Alejandro Koretzky draws a U to explain the impact of technological innovation on society: “What you see when you study what effect technologies generate is that the two extremes favor each other. Applied to music, those who do not understand anything are encouraged to express themselves musically without being musicians; those who know a lot take advantage of the new to be even better. In short, technology always raises the bar for you.”
Thus, convinced, enthusiastic, this Cordovan musician and technologist has fun spinning things from an island near Mykonos, in Greece, where he spends a few days with his girlfriend, making use of the benefit of those who work remotely. They are part of that current phenomenon called “digital nomads”.
Lyric – yes, Alejandro is indeed a musician and her name is Lírica – laughs from the bed of the hotel room from where he is about to talk about how artificial intelligence (AI) impacts music. She just woke up from her nap.
“We met in a bowling alley in Los Angeles -refers he, with a healthy 38, knowing that, beyond nomadism and her unparalleled freedom, she, with 33, wants children-, and I still haven’t made the switch but we’re going to have a family”, he comments, raising his tone a bit. He turns with Cordovan mischief and Lyric, black, with a fabulous smile, reaffirms in English: “Yes, we’ll have kids”, and covers herself with a pillow.
She is one of the lawyers of Snapchat, the social network for teenagers that proposes to play with the cell phone camera. Her specialty is data privacy, a thorny issue for applications. “Sometimes when I’m researching something or creating a product, she guides me as to what’s possible and what’s not,” explains Koretzky.
However, it is doubtful that anyone can stop him from creating. Koretzky (with ancestors in Eastern Europe, bilingual with perfect pronunciation) recorded two albums with his band, Ximétria, and with the song It’s a Wild Ride he had success on MTV. Meanwhile, as a Telecommunications Engineer, he won scholarships with which he studied Computer Science and Electronic Engineering in the United States.
He founded companies, mentors entrepreneurs, and advises talented and innovative young people starting their startups. His mentor is Lars Perkins, founder of Picasa, the photography platform that had its glory at the beginning of this century, and that Google bought for several million dollars.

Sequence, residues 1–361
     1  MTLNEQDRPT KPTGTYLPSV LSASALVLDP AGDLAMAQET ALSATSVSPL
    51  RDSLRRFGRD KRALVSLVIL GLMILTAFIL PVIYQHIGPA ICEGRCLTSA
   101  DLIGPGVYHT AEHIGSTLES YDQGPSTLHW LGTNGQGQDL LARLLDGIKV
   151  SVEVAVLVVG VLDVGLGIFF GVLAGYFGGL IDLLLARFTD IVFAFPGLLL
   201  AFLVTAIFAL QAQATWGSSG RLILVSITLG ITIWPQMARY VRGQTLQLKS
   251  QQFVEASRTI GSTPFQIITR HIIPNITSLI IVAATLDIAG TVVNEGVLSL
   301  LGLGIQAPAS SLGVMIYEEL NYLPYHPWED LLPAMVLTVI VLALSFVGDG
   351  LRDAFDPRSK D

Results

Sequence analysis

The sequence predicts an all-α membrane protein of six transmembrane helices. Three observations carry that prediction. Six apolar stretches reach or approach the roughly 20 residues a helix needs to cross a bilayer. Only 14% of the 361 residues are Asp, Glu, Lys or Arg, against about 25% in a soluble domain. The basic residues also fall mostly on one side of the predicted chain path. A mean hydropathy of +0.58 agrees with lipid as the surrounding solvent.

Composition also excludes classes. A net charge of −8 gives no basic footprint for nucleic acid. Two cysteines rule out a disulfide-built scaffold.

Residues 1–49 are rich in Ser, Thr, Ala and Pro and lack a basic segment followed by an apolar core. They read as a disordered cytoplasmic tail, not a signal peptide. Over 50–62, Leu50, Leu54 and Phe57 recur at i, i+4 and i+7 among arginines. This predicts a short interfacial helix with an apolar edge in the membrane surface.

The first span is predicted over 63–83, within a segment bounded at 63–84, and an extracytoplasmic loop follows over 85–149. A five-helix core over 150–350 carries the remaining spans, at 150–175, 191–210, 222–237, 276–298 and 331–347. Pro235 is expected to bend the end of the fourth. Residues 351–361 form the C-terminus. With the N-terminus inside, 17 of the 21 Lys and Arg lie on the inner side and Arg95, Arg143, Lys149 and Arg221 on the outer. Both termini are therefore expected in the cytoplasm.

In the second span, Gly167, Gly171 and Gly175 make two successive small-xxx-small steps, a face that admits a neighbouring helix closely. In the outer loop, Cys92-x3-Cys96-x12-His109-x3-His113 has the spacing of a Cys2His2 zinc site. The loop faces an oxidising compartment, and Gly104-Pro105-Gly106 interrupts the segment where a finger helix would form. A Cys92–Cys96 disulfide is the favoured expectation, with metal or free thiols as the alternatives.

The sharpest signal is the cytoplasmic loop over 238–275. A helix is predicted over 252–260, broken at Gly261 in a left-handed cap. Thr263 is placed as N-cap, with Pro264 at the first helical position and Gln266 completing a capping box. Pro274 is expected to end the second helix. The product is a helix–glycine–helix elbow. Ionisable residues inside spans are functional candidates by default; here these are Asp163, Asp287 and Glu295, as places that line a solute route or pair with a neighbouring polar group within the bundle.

Today, and for five years, he has been the head of the Department of AI and Innovation in Audio Sciences at Splice, a company that offers all kinds of digital tools to create music: sound bank, virtual recording space, effects, ability to record and edit from any digital device.
Within this incredible world, Alejandro is a specialist in using convolutional neural networks (CNN) to add and disaggregate sounds that become music. March a translation for table five!
Of the many ways in which a computer program can learn and become intelligent, NCRs are the ones that best emulate the behavior of the human brain, even because they manage to learn from the information they receive, without anyone’s supervision.
Within Splice, Koretzky’s latest invention is called CoSo – an acronym for Complementary Sounds. It is an application for mobile phones with which one has the opportunity to create music but no longer trying to compose in a simplified way –what artists who are today a worldwide trend have been doing– but rather more intuitively.
In one click, choosing the style of music the user is imagining, CoSo creates a sound base instantly. In other words, something that starts, right off the bat, being unique and attributable to whoever uses the interface. Then, that theme is infinitely tuneable: all kinds of sounds, including voices, are added or removed with absolute simplicity, using nothing more than the index finger.
Once the user is satisfied, they save the new song to a CoSo profile, which even offers a tentative name for the creation, if the composer? he is not inspired for titles. From then on, it is possible to continue producing the material in audio editors within Splice, in order to record more instruments, or mix.
Of course, with each new attempt, CoSo’s artificial brain learns and improves its creations. Koretzky loves the dilemma about whether or not this is music, well faced, delights Koretzky: “Whenever technology impacts art, we tend to believe that what is new is not authentic (…) but then, despite the fact that many things that probably have no artistic value, what is not good is distilled, and technologies end up being of great help to the truly talented. Today, from the top ten Billboard, everyone uses software to create their songs.
Alejandro plans to come to Argentina at the end of the year, and bring Lyric for the third time “because I still love my country, and I try to get her to know it and I explain to her that it is a country of contrasts, where friends are brothers and there are people who are very valuable, but I can’t live there because mentally I can’t stand it (…) anyway I would like it to incorporate a little more of what is good about us, Argentines”.
The latter, about the end of July and with the winds that blow through these pampas, sounds, at times, indecipherable. Lyric loves the humita salteña, the pizzas from Buenos Aires and the wine from Mendoza. Perhaps that is what we have to offer, in addition to the hospitality that, without a doubt, the family of the future father of his children will offer them in Córdoba.
For the rest, it will fall by its own weight that Alejandro’s extraordinary career needs much more than beautiful landscapes, delicious food and the warmth of those who make the fraternity a cult.
Long live those who leave a frayed country, leave their mark on the world through sheer talent and are still capable of caring for their origins!
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